Former NDP leader predicts NDP voters might look to Green Party in 2019
Published Sunday, February 3, 2019 7:00AM EST
Amid record-breaking fundraising numbers from the Green Party and what leader Elizabeth May called “a rise in support overall,” former NDP leader Thomas Mulcair says the Green Party might woo progressive voters in the 2019 election.
“Progressives are looking for a home on environmental issues,” Mulcair said on an episode of CTV Question Period airing Sunday.
“Now people are seeing the Liberals, who talked a good game on environment, buying a pipeline for $4.5 billion, wanting more production in the oilsands. Mr. Singh has now decided he’s going to support a liquefied natural gas pipeline, so people who believe that environmental issues should be top of mind are…going to start paying attention to Elizabeth May’s Green Party,” he said.
It’s a theory that has teeth when confronted with fundraising figures.
The Green Party posted its best fourth-quarter fundraising numbers ever, raking in just shy of $1.5 million dollars. The party also had its strongest ever non-election year fundraising intake at a hefty $3.1 million. They're nipping at the heels of the NDP, who had their lowest fourth quarter fundraising result in eight years and took in just $5.2 million for the entire year.
May also attributes the fundraising number to her party’s consistency.
"We are not a party that flips around looking for what’s the flavour of the day. We're quite honest about what we believe, we've done our research, we talk to people," she said.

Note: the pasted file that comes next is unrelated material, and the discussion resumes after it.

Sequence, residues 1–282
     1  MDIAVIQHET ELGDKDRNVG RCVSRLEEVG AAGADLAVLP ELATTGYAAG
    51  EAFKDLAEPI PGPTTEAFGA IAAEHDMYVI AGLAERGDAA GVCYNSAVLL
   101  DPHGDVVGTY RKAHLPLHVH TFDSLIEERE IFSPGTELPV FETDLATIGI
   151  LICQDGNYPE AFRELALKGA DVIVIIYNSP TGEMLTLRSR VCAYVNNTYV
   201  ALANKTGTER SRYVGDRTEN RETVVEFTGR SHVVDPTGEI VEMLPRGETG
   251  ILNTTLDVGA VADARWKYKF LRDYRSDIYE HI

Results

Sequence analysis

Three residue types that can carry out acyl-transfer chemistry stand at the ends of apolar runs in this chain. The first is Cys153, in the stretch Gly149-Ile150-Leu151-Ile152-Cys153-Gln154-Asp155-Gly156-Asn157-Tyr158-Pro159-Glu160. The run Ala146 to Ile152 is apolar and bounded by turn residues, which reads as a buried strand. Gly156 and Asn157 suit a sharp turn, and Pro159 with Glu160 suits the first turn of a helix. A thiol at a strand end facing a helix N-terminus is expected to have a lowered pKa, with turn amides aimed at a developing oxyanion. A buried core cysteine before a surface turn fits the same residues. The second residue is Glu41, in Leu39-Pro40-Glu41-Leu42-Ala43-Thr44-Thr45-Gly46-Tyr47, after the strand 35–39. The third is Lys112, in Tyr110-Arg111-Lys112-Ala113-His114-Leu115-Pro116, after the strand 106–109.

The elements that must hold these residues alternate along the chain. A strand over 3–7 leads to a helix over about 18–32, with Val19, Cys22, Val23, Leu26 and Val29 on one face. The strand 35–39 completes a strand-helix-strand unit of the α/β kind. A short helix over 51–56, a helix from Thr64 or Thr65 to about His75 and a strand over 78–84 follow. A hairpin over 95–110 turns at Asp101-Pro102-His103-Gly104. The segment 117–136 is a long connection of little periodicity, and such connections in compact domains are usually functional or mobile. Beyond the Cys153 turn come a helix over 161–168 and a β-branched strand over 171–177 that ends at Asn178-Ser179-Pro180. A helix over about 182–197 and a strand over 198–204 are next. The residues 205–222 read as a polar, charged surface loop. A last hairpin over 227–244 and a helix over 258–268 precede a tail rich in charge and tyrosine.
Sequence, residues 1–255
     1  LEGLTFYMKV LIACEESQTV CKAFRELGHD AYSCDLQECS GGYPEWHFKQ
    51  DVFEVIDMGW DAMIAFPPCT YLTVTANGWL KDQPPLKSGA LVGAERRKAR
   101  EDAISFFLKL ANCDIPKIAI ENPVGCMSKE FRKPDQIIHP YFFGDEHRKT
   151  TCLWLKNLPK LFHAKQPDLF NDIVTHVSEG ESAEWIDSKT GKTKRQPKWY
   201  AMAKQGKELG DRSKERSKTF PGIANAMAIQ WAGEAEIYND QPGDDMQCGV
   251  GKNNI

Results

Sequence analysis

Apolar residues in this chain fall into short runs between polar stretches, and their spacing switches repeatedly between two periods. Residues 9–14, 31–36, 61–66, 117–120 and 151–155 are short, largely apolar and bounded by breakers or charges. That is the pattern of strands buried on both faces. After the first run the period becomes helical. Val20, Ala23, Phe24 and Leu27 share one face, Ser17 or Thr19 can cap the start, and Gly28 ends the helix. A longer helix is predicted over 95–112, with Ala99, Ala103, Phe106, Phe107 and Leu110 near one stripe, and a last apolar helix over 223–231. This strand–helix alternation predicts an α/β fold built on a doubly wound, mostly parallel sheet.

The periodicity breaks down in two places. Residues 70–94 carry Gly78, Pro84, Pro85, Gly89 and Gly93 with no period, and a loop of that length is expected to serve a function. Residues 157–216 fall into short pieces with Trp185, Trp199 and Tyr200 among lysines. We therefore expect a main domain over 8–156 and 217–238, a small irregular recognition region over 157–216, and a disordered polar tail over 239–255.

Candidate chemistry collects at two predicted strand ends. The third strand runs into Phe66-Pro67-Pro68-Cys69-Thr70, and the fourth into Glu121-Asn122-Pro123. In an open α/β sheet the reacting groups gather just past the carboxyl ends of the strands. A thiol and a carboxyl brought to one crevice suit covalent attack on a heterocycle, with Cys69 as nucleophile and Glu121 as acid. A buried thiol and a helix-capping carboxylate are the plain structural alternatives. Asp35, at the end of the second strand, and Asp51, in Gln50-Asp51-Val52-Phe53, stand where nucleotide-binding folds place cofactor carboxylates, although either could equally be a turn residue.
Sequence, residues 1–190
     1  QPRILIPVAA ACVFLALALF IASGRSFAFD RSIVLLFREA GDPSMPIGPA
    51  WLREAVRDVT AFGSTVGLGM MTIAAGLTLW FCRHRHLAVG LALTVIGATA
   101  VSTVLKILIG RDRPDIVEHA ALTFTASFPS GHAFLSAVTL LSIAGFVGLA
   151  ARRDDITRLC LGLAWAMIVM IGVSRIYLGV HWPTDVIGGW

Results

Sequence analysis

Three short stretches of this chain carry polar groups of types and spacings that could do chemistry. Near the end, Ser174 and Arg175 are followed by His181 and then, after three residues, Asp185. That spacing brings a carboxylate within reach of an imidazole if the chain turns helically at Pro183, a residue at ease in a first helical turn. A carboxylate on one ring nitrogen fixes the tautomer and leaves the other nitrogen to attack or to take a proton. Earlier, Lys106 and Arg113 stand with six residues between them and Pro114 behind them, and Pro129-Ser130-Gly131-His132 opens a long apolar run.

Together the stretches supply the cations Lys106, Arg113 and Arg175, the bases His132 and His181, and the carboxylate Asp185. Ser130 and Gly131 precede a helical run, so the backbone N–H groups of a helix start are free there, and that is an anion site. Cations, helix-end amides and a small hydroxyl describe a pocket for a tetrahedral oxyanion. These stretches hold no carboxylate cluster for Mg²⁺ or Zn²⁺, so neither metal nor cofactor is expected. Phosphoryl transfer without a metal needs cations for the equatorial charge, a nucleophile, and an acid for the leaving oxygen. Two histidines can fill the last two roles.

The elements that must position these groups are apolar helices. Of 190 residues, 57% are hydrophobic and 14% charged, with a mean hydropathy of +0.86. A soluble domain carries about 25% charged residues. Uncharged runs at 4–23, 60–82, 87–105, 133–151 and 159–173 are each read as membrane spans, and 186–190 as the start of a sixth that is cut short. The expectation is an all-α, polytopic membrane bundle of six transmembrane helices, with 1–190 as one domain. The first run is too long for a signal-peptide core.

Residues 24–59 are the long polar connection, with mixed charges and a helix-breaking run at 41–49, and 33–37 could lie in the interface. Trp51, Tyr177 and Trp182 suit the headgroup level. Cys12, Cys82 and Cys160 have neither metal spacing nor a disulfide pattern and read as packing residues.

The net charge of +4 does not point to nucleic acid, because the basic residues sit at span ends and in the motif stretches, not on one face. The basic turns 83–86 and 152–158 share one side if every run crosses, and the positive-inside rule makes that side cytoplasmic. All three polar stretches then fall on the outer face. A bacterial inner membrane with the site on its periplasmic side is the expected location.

The Green Party leader has high hopes for the upcoming federal election. She said her goal is to win seats right across the country -- and May said her party might get a big break in one province in particular.
"We could get a break in Quebec. We're looking at rising support in Quebec that's really surprising people on the ground," she said.
Between the newly formed People's Party splitting the vote on the right and because of NDP provincial governments approving controversial projects like the Site C dam, May said her party is well positioned heading into 2019.
"When you have an NDP government like Alberta's…or B.C. with John Horgan approving Site C, that turned a lot of NDP voters over to the Green Party," May said.
"With the People's Party splitting the vote on the right, I'm not the least bit worried about Andrew Scheer and the Conservatives. I think this is not their election. This is an election for greens to do extraordinarily well because the wind is in our sails from public support."
Mulcair echoed May's prediction of a Green Wave washing over Canada.
"I think we might see the same sort of result we saw in the recent B.C. election where Andrew Weaver's Green Party wound up with the balance of power," he said.
"I think that Canadians might just send enough of a contingent of Green Party MPs to Ottawa this time to hold whoever would form the government… hold their feet to the fire on these environmental issues."